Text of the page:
Repairing our Constitutional Republic

Mark Menaldo’s outstanding essay today indicates the kind of essays we plan to publish more of in the future at The Constitutionalist. As we put the Trump storm behind us, the questions become: how do we make sense of where we are? how did we get here? how do we repair ourselves going forward? This is much harder work than the kind of anger we directed at Trump and his cronies. Menaldo’s call for an education that will help us overcome our barbarism gets at the deepest roots of the rot that has infected us. We just don’t understand ourselves or our regime anymore. We can’t repair ourselves because we don’t know what the car was supposed to look like in the first place. The barbarism of both last summer’s riots and of the attack on the capitol arose partially from ignorance. As Greg Weiner wrote in a recent article, the problem right now is as much “demand-side” as it is “supply-side.” And the “demand-side” problem can only be solved by better education. As Menaldo writes: “Our children, and those to come, deserve an education that will help them appreciate the precariousness of peace, prosperity, and political stability and keep barbarism at bay. This is my civilizing project.”

One thought on “Repairing our Constitutional Republic

  1. I must first state that although I agree with the premise of your essay, I disagree with a significant amount of the content of your essay.

    As an educator, you should teach your students how to think and process facts, events, and opinions and not what to think or how to process facts and opinions. You must be careful when you “implore and model” because this might be directing thoughts and beliefs, not permitting them to be formed by the the students on their own.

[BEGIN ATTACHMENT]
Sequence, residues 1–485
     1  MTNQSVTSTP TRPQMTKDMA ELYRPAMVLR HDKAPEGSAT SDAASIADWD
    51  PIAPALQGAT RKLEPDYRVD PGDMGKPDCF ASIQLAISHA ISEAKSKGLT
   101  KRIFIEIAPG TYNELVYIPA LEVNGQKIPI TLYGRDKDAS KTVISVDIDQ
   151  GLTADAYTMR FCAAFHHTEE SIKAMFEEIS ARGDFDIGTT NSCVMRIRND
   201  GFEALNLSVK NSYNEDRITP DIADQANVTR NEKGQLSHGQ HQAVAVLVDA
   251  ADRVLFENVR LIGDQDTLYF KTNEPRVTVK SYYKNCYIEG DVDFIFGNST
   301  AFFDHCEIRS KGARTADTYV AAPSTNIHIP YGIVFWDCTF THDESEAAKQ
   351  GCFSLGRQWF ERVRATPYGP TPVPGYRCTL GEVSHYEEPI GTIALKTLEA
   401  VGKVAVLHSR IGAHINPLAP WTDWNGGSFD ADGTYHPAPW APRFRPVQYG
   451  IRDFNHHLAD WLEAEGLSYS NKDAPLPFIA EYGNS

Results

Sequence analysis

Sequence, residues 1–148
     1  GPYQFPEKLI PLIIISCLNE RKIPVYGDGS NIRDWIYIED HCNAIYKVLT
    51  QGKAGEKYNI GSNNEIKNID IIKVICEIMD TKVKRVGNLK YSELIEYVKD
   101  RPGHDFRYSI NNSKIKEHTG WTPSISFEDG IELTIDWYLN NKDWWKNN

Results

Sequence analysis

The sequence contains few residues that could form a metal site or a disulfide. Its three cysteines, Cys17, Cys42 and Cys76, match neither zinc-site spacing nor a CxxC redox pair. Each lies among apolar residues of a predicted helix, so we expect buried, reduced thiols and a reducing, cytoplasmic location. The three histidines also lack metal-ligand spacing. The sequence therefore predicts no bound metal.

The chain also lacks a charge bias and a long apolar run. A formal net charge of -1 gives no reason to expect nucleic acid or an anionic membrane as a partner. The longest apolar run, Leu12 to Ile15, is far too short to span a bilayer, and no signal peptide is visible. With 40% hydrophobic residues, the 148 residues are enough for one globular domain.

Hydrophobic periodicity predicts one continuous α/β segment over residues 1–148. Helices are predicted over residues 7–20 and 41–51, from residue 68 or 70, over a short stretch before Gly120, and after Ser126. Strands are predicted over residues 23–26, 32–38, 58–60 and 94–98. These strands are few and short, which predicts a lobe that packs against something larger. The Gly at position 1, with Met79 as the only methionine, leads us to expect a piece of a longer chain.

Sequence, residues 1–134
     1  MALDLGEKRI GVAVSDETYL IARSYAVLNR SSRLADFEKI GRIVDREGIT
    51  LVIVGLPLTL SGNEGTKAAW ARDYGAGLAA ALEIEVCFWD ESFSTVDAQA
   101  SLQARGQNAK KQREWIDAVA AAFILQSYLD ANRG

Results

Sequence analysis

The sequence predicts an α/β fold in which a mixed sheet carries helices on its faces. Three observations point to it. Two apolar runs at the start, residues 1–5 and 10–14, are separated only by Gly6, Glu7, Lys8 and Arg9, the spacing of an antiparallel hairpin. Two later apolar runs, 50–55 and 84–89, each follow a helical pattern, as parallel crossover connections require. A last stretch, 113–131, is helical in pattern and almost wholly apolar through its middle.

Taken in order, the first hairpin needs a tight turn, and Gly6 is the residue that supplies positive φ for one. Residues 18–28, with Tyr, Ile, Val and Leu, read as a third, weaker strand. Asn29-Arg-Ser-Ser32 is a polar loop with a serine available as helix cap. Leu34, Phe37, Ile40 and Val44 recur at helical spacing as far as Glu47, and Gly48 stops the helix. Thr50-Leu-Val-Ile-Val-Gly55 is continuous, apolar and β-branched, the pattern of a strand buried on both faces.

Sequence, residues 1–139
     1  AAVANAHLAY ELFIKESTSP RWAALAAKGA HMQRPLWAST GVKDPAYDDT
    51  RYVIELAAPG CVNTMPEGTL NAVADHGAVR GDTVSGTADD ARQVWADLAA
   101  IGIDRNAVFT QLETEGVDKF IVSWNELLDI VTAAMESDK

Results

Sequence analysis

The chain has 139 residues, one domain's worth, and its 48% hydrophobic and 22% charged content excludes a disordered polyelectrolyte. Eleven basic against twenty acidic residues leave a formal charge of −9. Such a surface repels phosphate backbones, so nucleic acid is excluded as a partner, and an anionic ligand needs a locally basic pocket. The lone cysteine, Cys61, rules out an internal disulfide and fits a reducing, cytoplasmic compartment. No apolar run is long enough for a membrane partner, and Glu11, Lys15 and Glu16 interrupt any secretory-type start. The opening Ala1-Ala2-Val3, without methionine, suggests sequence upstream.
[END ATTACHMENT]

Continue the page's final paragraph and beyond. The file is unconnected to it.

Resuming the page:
I believe your last paragraph was trying to state this rationale, however, the greater body of your text did not convey this.

    Over the past year, the United States has not been a place of peace where the rule-of-law has been followed. BLM and ANTIFA have taken hold of many cities causing havoc and destruction with the take-over of cities. There has been destruction of property and loss of life. Although you talk about the siege on the United States Capitol Building, it was only one of many riotous events that has occurred in our nation, even on federal lands, during this past year. It was wrong, just as all of the other riots–or should I say “peaceful protests” that led to destruction and death–were also wrong. One riotous event should not be singled out as being more wrong than any of the others.

    As an educator myself, I would be wrong to stifle the ideas of my students, even if I feel them to be wrong or naïve. Without ideas, no matter how fledgling, we, as a society, would not come up with creative new ideas that enable us to grow, develop, and prosper.

    Be careful of your words, especially when they are directed towards your students because many have yet to have found their own mind and will simply follow your lead. This situation is then not teaching or leading, but indoctrination. As an academic, it is a fine line, but a critical line, which can lead to creativity and leadership or compliance and indoctrination.

    K. Etzel, M.D.

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